Retail media networks are a powerful tool for retailers looking to monetize their digital inventory, enabling brands to target shoppers on both onsite and offsite channels. RMNs use first-party data to deliver ads resonating with consumers and drive higher ROI than third-party cookie solutions. As the cookie less world becomes more of a reality, a shift of digital media dollars to first-party audience solutions will occur.
Unlike traditional display advertising, a retargeting strategy for a retail media network is designed to reach people in the market for a specific product or service at precisely the right time. With a retargeting solution for an RMN, advertisers can deliver personalized messages that help elevate the buyer experience and drive more conversions.
RMNs often offer closed-loop reporting to show the incremental sales that have resulted from an ad campaign, which is an attractive proposition for brands under pressure to prove their return on investment. Additionally, RMNs can provide access to in-depth shopper data that is more reliable than third-party data.
In addition to providing a valuable new revenue stream for retailers, RMNs also allow marketers to be closer to the point of purchase than in the past. With the proliferation of e-commerce, it is more important than ever for marketers to have a presence on retail home pages and other relevant pages, including product detail pages, search results, and category pages.
Retail media networks are surging in popularity. Some said they would drive an additional billion in spending this year, bringing the total to over a hundred billion. With this heightened investment comes the expectation that marketers can demonstrate real business impact. The best way to do this is with closed-loop measurement, which ties a media campaign back to actual sales.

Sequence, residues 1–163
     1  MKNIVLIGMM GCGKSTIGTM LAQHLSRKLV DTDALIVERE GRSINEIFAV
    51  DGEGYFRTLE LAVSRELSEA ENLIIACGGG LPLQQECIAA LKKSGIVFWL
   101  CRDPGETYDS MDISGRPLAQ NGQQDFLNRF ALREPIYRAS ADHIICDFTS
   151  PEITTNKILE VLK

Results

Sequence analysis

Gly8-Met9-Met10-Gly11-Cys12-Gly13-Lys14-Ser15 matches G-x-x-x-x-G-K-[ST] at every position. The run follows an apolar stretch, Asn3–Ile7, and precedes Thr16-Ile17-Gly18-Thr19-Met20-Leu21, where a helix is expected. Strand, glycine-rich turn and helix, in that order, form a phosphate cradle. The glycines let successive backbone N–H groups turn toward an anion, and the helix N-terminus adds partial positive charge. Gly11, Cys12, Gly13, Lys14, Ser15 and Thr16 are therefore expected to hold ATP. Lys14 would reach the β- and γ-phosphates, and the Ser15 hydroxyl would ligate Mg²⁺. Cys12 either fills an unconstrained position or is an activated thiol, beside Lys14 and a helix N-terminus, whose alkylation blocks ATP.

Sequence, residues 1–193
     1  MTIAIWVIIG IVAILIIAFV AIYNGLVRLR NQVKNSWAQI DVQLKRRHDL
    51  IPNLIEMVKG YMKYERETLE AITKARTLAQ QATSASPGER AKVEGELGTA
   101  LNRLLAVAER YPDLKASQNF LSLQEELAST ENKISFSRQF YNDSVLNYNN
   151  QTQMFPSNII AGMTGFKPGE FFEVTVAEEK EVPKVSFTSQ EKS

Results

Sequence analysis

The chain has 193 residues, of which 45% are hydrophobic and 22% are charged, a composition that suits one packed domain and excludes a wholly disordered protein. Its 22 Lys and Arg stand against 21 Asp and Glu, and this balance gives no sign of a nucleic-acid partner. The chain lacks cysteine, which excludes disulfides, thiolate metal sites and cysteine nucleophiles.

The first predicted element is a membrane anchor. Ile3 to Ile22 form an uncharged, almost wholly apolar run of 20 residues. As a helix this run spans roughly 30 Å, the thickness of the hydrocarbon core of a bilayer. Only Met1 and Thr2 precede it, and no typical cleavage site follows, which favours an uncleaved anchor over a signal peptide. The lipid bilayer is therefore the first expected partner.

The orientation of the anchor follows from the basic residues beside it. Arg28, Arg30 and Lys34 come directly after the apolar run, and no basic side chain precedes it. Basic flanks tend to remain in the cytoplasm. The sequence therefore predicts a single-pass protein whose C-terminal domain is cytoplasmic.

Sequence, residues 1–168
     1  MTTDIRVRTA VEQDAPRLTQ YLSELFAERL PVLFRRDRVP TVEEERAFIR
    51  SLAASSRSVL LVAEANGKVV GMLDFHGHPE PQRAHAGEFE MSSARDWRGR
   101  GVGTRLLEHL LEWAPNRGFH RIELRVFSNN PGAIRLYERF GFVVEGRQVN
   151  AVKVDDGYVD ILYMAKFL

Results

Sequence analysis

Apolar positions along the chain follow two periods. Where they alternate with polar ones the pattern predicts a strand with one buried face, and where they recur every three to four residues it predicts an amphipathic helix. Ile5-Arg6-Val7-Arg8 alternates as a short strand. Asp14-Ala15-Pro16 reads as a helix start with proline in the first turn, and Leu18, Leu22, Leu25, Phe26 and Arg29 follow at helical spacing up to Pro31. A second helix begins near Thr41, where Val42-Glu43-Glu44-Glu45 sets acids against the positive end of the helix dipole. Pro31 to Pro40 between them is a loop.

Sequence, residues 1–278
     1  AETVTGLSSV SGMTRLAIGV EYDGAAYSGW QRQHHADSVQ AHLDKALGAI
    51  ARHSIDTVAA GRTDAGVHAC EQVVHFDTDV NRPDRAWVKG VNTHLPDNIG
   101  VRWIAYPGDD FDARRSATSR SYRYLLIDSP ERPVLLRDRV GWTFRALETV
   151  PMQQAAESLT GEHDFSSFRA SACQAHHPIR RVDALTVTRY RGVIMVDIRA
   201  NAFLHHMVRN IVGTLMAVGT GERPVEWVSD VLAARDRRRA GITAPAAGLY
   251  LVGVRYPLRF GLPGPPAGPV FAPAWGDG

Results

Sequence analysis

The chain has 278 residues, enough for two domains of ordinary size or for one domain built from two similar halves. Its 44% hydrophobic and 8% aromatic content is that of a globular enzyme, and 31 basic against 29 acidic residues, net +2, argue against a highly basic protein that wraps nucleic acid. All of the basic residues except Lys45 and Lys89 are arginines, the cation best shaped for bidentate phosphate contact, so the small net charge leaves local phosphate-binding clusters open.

Closed-loop reporting helps paid marketers create reports for senior-level marketing executives and C-suite leaders focusing on dollars in/out. It also provides the evidence needed to ask for budget increases.
Unlike other metrics like impressions and clicks, accurate closed-loop measurement goes far beyond the typical digital analytics that is often ad-tech specific and does not account for all media channels and touchpoints. With a closed-loop solution, brands can track media performance across the entire purchase funnel and identify what is working and which tactics should be maximized.
To do this, a brand needs to look for an RMN that offers a single analytics platform that allows them to see the results of all their campaigns in one place. This includes the ability to analyze performance by new versus returning users and by product category, along with engagement metrics that allow them to understand what driving ad performance is.
This information is crucial for making informed optimization decisions based on what’s causing the most ROI. The granularity of this data can also help brands determine the incremental value of their ads by identifying how many sales could be attributed to an advertisement versus those that would have happened regardless of advertising.